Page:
One in 10 sausages ‘carries risk of hepatitis E virus’
One in 10 sausages and processed pork meat products in England and Wales could cause hepatitis E virus (HEV) infection if undercooked, experts warn.
There has been an “abrupt rise” in the number of cases in England and Wales as people do not realise the risk, scientists advising the government say.
Sausages should be cooked for 20 minutes at 70C to kill the virus, they said.
Although serious cases are rare, HEV can cause liver damage or be fatal.
Official government figures show there were 124 confirmed cases of HEV in 2003, which rose to 691 cases in 2013. There were 461 cases in the first six months of this year.
Symptoms include jaundice and sometimes tiredness, fever, nausea, vomiting and abdominal pain.
Most people will get over the virus, although for some, such as those with an immune deficiency disorder, or pregnant women, it can prove fatal.
Prof Richard Tedder, at University College London (UCL), said HEV was “very common” in the UK – not all cases are noticed or recorded.
“This virus is taking off within the pig herds from which this country sources its processed pig meat in sausages and pork pies,” he said.
Prof Tedder said sausages needed to be “caramelised” – cooked thoroughly – before eating to make sure they did not pose a health risk.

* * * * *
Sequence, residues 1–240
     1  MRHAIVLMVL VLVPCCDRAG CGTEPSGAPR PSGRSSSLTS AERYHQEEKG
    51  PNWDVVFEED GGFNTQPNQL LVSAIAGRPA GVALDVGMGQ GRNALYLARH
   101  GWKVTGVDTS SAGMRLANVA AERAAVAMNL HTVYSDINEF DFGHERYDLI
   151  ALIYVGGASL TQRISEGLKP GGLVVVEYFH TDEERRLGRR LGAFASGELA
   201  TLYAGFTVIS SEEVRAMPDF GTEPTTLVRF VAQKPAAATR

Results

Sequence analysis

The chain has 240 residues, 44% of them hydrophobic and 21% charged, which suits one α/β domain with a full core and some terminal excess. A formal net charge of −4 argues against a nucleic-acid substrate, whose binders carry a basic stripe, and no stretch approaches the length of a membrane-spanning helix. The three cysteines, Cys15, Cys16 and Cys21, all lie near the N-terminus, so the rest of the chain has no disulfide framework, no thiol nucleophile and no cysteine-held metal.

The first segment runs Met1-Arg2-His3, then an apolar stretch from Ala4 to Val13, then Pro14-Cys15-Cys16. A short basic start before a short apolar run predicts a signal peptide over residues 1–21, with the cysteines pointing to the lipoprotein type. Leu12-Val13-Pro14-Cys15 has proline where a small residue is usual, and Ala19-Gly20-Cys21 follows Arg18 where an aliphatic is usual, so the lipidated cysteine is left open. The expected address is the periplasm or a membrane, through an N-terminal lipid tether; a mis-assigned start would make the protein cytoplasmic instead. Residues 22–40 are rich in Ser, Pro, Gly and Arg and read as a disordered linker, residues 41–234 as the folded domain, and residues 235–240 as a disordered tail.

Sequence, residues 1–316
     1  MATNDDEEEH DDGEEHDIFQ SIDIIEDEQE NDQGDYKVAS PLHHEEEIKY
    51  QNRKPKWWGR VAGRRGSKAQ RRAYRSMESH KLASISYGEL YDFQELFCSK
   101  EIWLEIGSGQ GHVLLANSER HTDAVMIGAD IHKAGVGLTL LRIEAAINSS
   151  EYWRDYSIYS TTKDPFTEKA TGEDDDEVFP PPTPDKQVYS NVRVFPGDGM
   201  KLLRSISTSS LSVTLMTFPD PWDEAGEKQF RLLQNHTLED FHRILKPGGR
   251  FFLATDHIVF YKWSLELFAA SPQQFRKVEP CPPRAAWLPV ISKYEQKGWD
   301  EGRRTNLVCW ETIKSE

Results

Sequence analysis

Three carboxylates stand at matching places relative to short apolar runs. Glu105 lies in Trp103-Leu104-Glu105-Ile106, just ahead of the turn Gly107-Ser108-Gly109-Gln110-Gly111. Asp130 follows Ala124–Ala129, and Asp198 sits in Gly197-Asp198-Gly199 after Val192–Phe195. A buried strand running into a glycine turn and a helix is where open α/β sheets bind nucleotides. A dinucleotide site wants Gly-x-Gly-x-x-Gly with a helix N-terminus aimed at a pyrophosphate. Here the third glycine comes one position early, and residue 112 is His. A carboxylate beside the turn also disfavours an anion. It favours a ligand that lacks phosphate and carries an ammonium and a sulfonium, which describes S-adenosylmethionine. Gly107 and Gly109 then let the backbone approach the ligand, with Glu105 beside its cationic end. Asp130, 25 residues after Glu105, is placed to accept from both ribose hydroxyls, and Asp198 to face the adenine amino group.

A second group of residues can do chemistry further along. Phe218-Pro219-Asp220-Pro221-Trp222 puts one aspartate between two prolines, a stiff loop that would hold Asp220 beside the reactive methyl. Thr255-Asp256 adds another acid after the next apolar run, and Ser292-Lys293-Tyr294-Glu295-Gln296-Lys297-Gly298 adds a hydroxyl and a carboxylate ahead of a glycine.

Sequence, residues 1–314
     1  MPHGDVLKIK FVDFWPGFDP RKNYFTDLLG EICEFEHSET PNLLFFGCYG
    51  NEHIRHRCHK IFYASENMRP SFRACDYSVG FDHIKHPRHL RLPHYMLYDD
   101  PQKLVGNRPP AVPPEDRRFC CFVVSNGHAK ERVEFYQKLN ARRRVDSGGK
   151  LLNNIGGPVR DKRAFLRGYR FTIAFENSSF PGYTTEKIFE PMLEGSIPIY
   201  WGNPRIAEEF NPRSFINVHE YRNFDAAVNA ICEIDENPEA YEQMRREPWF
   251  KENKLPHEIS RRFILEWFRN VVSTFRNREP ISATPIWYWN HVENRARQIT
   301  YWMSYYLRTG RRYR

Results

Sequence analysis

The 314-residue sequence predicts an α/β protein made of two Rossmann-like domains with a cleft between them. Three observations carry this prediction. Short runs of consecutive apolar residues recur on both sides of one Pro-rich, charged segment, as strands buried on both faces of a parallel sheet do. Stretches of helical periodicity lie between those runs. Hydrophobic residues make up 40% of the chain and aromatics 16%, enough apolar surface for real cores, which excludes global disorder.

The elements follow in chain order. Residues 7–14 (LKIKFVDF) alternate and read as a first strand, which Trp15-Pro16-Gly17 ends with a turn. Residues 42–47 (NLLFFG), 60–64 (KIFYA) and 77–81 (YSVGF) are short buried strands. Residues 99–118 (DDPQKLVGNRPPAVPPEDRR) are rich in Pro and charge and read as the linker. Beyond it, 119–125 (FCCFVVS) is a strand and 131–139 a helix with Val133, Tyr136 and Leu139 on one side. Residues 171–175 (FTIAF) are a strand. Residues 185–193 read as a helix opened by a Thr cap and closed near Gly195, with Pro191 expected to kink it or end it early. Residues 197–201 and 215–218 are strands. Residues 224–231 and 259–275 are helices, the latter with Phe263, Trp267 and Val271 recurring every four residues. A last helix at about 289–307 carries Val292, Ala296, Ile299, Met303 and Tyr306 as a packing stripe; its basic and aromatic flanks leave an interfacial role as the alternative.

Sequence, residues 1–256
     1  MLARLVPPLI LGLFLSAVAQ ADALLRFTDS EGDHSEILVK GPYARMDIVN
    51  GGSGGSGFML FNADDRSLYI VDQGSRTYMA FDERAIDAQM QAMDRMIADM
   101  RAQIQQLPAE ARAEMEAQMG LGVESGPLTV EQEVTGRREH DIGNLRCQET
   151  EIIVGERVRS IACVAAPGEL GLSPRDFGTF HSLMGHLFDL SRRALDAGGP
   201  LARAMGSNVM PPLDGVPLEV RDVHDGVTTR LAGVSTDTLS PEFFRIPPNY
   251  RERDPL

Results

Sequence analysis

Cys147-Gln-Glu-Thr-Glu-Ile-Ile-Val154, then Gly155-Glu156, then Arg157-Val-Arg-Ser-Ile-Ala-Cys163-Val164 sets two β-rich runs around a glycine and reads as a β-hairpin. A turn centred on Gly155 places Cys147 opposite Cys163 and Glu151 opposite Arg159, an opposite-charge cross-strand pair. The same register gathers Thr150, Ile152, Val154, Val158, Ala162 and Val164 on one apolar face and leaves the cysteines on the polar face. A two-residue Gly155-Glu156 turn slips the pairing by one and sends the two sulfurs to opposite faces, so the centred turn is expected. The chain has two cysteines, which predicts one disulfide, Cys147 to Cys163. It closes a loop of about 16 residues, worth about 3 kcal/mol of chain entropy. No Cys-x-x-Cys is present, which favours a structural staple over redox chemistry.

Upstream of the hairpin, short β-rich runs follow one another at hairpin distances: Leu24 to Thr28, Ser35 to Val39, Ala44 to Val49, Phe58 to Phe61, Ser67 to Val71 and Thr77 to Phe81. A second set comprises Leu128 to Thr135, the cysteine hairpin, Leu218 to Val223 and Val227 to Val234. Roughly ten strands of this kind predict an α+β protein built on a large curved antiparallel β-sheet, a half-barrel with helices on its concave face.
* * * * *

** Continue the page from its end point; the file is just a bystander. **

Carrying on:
“It’s a question of getting people to change,” he said. “Everybody knows you can get salmonella from chicken.”
‘Universal’ in pigsHe said the virus occurred in the animal and in the blood system and warned it would continue unless there was a “big change” in animal practices, such as introducing different hygiene measures.
Dr Richard Bendall, at the Royal Cornwall Hospital Trust, said HEV was the most common virus passed on through animals in Britain.
He said the virus was found in 10% of sausages and processed pork meat.
This estimate comes from a study that looked at the pork production chain in the UK.
Dr Harry Dalton, also at the Royal Cornwall Hospital Trust, said the virus was not just confined to pigs, people had caught it from strawberries irrigated with infected water.
Shellfish in west Scotland and Tuscany had also infected people, he said.
In Asia and Africa, hepatitis E is more commonly transmitted by contaminated drinking water.